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Maloney critiques Plaxall’s Anable Basin rezoning proposal

U.S. Rep. Carolyn Maloney reviews some of the positives and negative aspects of Plaxall’s Anable Basin Rezoning proposal to develop 15 acres on Long Island City waterfront.
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The public will have another two weeks to submit written comments on Long Island City-based Plaxall’s Anable Basin rezoning proposal after the Department of City Planning extended the original deadline. The agency will accept comments on the plan to develop 15 acres along the East River waterfront until the close of business Jan. 19.

A rezoning is necessary to allow for higher residential and commercial density than is currently permitted by the city.

U.S. Rep. Carolyn Maloney (D-Astoria) reviewed the draft scope of work proposed by Plaxall that within 15 years would bring a 65-story tower; 5,000 residential units spread out over eight buildings, with 25 percent set aside for affordable housing; manufacturing and office space; and an esplanade to make Anable Basin accessible to the public.

“Anable Basin is currently a gloomy industrial area with limited roads, limited access, sparse public transportation and very little retail,” Maloney said. “We have seen the success of Queens West and Hunters Point South in Long Island City and in Northern Brooklyn. And it is time for that trend to reach Anable Basin — an extraordinary area with magnificent views of Manhattan and the East River. This rezoning has the potential to create another great neighborhood, if it is done right.”

While Maloney is pleased that Plaxall is proposing to give the city a lot at 11th Street and 47th Avenue for a 728-seat, five-story school, the model provided appears to have no outdoor playground space.

“The school is not yet designed,” Plaxall spokesman James Yolles said. “It’s certainly possible that the school could include outdoor space. The city would both determine what type of school it is and design the school.”

Maloney is also pleased to see the retail component of the plan.

“Neighborho­ods need basic things like grocery stores, barbers, convenience stores, shoe repair stores, dry cleaners, restaurants and other important providers,” Maloney said. “Retail uses ensure that the streets become lively and that people have reasons to come to the area.”

Maloney is worried, however, about logistics.

“Street access to Anable Basin is inconsiste­nt,” she said. “It is striking to see that no thought is being given to mapping additional streets to connect the street grid in this new neighborhood. That needs to be remedied.”

Yolles said Anable Basin has been inaccessible to the public for its 150-year history.

“Our plan revolves around opening up the Basin to the public -- via a new bi-level esplanade that wraps around it, and six public pedestrian lanes that will provide connections to the Basin from the north, south and east,” he said. “Connectivity and public access really lie at the heart of our plan for a cohesive district.”

Maloney is worried about accessible transit.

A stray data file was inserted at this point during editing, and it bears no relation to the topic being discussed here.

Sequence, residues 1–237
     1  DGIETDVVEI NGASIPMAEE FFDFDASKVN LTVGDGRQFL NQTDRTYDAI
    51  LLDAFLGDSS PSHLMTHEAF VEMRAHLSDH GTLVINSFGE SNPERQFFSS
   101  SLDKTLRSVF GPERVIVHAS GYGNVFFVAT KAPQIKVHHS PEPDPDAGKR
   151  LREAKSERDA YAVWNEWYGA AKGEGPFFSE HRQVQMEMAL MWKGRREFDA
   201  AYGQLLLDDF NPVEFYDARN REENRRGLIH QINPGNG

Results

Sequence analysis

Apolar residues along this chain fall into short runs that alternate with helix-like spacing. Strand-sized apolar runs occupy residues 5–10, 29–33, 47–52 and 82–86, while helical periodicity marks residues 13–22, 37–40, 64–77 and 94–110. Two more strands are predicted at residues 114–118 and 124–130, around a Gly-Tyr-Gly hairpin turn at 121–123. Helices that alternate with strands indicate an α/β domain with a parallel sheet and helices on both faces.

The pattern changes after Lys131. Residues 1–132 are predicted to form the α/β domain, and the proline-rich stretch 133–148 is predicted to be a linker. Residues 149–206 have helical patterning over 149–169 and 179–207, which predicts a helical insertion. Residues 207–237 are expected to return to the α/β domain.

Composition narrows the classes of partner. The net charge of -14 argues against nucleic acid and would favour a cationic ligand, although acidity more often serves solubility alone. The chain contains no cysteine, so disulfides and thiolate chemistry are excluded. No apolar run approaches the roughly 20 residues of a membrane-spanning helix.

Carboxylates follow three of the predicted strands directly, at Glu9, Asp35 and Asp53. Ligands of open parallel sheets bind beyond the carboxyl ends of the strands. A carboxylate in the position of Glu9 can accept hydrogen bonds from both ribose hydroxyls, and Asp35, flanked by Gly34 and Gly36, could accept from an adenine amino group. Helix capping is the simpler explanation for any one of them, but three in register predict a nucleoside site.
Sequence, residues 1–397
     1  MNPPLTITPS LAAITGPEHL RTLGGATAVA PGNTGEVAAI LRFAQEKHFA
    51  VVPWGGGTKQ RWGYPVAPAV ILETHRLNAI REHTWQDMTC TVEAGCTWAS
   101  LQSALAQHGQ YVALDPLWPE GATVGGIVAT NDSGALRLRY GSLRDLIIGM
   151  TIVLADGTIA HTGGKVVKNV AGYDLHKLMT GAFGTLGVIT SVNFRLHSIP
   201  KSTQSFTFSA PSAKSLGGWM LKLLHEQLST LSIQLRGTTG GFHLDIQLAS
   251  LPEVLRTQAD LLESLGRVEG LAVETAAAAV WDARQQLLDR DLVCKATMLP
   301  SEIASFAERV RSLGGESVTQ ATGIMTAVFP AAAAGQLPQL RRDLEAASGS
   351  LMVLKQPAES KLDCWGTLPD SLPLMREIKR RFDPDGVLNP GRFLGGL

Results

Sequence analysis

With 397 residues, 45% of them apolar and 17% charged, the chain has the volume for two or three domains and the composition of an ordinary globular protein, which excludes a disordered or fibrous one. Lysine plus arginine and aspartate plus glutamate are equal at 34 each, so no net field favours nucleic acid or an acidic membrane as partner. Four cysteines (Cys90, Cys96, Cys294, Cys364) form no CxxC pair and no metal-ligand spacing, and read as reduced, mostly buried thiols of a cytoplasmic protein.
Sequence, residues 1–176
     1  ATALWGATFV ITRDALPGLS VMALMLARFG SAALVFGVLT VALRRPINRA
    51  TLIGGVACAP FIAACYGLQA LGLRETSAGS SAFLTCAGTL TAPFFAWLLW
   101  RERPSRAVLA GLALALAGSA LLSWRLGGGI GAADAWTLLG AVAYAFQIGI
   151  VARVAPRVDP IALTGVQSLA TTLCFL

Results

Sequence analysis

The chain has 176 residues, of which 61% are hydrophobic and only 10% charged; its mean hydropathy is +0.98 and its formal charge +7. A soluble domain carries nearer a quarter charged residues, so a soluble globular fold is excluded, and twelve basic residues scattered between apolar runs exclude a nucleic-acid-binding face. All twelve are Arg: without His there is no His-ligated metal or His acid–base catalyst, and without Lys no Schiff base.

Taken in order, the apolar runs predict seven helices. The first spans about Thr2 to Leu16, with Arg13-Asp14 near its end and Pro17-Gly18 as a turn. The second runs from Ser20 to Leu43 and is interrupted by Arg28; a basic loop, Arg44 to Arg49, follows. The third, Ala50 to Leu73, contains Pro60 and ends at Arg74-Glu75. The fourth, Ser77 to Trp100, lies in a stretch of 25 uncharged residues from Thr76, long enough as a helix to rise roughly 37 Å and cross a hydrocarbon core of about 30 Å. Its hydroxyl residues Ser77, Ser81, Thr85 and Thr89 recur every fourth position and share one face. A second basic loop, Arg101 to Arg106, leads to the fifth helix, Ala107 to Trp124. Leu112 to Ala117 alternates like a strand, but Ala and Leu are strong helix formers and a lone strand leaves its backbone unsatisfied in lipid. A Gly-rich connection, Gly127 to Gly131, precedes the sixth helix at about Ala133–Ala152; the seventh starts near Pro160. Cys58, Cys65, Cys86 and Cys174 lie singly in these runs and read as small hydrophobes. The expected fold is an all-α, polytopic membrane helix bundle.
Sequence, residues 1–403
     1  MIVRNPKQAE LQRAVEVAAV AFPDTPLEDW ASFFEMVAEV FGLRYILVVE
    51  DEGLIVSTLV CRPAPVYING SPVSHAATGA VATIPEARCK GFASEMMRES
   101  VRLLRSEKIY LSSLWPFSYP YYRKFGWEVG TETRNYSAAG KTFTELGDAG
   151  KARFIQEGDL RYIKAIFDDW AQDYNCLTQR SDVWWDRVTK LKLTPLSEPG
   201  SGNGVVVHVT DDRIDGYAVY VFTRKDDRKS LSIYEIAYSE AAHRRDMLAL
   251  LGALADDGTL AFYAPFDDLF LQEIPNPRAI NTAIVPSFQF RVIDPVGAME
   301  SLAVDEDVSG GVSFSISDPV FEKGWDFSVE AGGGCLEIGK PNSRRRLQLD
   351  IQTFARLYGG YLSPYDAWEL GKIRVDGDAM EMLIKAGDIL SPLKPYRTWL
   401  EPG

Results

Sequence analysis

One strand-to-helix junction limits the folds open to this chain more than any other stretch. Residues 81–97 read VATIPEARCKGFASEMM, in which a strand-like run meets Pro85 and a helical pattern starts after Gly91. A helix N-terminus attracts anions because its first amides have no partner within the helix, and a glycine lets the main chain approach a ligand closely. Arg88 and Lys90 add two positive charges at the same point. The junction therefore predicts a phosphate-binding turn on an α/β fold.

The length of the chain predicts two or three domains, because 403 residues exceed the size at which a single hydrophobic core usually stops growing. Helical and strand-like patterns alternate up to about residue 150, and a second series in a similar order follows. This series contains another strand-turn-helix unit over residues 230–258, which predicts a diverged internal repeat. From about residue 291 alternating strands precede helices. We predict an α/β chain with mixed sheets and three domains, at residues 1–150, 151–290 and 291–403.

“I am concerned that there is insufficient planning for the transportation and infrastructure needs of this new community. The subways closest to Anable Basin are a considerable distance away and are already overburden­ed,” she said. “The 7 and E trains are among the most overcrowded in the city.”

Yolles said the new NYC Ferry stop on the Astoria line is located at the southern edge of the Basin and will provide a “convenient transit option for all those living and working around the new Anable Basin.”

Maloney likes that the rezoning plan includes an incentive for arts and cultural uses as well as 135,000 square feet of open space and that the development could be a “great complement” to Long Island City’s existing supply of commercial office space to cater to startups from future graduates from Cornell Tech on Roosevelt Island. But she did have a warning for Plaxall.

“During Superstorm Sandy, all of Anable Basin was flooded,” she said. “The city’s inundation maps show flooding all the way to 11th Street and in some areas even farther east. Vernon Boulevard was under water from just before 43rd Road all the way south to 46th Road. Clearly any construction at Anable Basin must take into account the area’s propensity to flood. Better drainage and more resiliency are critical to making this development a success.”

Plaxall is well aware of the flooding that occurred during Sandy. The company offices are on 46th Avenue just off Vernon Boulevard.

“By raising the esplanade, our project will provide important flood resiliency infrastructure — both for the buildings surrounding the new Anable Basin and the neighborhood beyond,” Yolles said. “We appreciated Congresswoman Maloney’s feedback. We are in touch with her office and look forward to working with her as we refine and improve our proposal.”

Reach reporter Bill Parry by e-mail at bparry@cnglocal.com or by phone at (718) 260–4538.

Posted 12:00 am, January 9, 2018
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Reader feedback

JQ LLC from Southeast Queens lacks quality genuine affordable housing says:
These developers and the cajoling city planners doing their bidding have clearly lost their minds. It's a monstrous waste of tax dollars to even have these discussions.

Congresswoman Maloney knows damn well this will be disastrous too and she comes off straddling the fence here. Plaxall should be offended and soundly rejected.
Jan. 11, 2:15 am

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